Bosses cautious on pay rises - except for those in the finance industry
Most workers can expect about 4.4 per cent, study finds, but some industries will do better
Employers remain conservative about pay rises for next year, with increases of about 4.4 per cent predicted, similar to those granted this year, according to a new survey.
Financial companies are the exception, with rises of 7 per cent expected in the first quarter, up from an average 1.3 per cent this year.
The figures have emerged from a survey by the Institute of Human Resource Management of 76 companies, 67 of which said they would adjust pay next year.
"Pay rises for the financial sector have been small in the past two years," institute president Francis Mok Gar-lon said. "There were also major employee cuts in the past year."
He said there would be a need to balance supply and demand of talent after "excessive" lay-offs.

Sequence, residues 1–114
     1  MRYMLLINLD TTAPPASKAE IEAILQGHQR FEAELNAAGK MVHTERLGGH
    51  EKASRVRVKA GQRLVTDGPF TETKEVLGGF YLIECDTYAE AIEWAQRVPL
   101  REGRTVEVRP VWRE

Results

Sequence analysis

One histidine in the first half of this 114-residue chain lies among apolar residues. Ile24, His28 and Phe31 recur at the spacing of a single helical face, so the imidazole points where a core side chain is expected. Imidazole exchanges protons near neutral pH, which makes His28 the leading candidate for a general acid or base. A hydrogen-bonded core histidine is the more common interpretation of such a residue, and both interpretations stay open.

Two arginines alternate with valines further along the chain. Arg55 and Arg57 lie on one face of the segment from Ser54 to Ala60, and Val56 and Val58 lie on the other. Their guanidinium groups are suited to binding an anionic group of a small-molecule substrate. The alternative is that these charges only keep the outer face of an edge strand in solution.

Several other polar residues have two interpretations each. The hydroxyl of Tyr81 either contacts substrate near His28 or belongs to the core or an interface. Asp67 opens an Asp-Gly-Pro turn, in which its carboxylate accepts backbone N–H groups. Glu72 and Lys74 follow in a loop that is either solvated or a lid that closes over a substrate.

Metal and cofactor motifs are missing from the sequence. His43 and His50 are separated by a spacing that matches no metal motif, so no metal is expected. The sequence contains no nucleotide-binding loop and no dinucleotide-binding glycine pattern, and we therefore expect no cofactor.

Covering 17 different sectors and including a total of about 114,000 full-time salaried employees, the survey was based on companies' estimates and pay statistics from January to September. This year, construction and retail sectors topped the list with pay rises averaging 6.2 per cent.
Of 38 companies that provided more information to researchers, 37 are budgeting for a general increase in basic pay while one expects no change.
Construction, facing a labour shortage to handle big projects such as the bridge to Macau, is second behind finance, with an expected 5.8 per cent pay rise. It is followed by manufacturing with 5.5 per cent. An increase of 4.1 per cent is estimated for retail.
"The need for construction sector employees continues to rise due to the big projects coming up in the next few years - which is indicated by the pay rise," Mok said.
Companies with 500 to 1,000 employees expect the biggest pay increase - 4.9 per cent - compared to smaller or bigger ones.